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Does AirVPN log what ports a user opens?

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#1 dellawee



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Posted 06 November 2016 - 03:28 PM

I remember reading somewhere in the forums that AirVPN will provide information to law enforcement in the case someone is hosting malware or a botnet threw the service. I understand and respect this but does this mean that AirVPN logs what ports a user opens and for how long or does the person have to be "caught in the act"? I'm not suggesting that I'm doing to host a botnet or malware but I do download torrents from time to time and when I do I wait until I reach at least a share ratio of 1 (uploaded as much as I downloaded). This can causes a DMCA nightmare when I download from my home ip. I don't usually finish uploading before I turn off my torrent client so many times I'll continue seeding at a later time.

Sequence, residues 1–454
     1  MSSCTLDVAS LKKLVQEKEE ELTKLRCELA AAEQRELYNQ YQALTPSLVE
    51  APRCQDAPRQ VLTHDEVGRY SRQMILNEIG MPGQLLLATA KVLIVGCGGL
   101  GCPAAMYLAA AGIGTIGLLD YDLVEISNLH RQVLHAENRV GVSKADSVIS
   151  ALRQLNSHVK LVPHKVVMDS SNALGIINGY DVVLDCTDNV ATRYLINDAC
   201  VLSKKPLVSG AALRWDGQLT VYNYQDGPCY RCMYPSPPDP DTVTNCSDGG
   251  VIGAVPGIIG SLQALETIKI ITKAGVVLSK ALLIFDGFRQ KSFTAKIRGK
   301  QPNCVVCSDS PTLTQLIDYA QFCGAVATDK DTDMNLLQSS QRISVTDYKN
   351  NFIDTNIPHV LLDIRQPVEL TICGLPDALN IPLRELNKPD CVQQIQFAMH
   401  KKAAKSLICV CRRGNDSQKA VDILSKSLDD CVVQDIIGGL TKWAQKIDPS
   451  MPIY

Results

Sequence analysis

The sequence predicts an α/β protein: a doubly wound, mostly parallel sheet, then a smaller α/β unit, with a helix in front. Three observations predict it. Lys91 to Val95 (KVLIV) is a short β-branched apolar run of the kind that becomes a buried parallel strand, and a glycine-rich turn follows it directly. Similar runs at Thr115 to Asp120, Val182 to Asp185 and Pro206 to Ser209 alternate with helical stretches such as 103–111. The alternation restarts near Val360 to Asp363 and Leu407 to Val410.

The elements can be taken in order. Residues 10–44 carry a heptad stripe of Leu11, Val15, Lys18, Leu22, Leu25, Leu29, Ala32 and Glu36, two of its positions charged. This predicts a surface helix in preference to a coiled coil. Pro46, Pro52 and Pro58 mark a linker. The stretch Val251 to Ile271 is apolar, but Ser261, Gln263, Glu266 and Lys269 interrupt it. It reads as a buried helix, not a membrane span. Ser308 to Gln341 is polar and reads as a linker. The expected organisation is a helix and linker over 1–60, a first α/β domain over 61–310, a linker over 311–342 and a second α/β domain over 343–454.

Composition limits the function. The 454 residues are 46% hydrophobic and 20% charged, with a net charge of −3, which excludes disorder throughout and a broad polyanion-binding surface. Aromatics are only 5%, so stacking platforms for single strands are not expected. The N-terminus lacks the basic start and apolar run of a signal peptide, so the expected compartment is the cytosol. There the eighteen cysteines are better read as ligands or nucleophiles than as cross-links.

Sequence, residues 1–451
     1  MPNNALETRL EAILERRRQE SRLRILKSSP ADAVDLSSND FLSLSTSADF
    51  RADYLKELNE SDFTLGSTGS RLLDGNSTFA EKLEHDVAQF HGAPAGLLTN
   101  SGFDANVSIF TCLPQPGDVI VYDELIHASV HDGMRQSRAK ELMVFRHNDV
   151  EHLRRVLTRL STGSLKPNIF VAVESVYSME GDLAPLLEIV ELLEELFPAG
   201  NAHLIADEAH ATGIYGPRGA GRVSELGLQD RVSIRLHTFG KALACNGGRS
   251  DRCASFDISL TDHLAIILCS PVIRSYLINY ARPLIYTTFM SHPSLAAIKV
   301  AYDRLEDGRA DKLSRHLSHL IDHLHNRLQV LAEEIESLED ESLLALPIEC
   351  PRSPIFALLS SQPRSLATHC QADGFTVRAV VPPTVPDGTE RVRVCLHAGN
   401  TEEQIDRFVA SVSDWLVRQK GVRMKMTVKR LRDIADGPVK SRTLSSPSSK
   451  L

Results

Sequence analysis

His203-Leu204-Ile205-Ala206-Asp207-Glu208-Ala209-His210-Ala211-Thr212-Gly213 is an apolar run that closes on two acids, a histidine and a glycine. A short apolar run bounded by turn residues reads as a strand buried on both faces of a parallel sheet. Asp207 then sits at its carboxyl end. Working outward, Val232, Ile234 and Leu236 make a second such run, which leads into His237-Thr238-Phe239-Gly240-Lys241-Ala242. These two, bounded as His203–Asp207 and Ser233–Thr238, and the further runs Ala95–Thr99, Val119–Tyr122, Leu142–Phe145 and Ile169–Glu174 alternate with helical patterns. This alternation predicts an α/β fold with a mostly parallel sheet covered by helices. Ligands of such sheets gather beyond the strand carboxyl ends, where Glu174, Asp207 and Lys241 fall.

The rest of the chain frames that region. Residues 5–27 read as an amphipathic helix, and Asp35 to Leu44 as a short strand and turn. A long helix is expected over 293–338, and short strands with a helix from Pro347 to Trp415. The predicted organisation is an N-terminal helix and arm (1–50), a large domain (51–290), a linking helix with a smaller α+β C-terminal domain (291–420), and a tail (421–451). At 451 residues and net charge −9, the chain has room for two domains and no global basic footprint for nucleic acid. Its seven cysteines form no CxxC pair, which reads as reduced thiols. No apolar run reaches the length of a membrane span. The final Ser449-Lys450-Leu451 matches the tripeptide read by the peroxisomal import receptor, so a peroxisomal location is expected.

Effective seeding requires me to port forward so other peers can connect to my computer and request pieces from me this means airVPN must know that I'm using that port (at least when its live). Now lets assume air receives a DMCA request from one of the torrents I was downloading/seeding including the port I was using (I am no longer seeding the torrent but the port is still forwarded on my account) and for some odd reason the company took air to court would they be able to say definitively that I was the one who had that port open at that time? If so, would I be able to randomly swap around ports to mitigate this? (such as, User x has this port open since ...)


Off topic question: I opened a new account to use the forum. Is that against the rules? :/


thanks :)

#2 catyakspa



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Posted 06 November 2016 - 09:49 PM

‚ÄčAs long as you didn't provide personal information to Air when you signed up, I doubt that they would be able to give any substantial information to the company that sued them. Even if they did give your IP address, many courts in the US don't consider an IP sufficient evidence for prosecution (because of loopholes such as someone else using your Wi-Fi).

#3 dellawee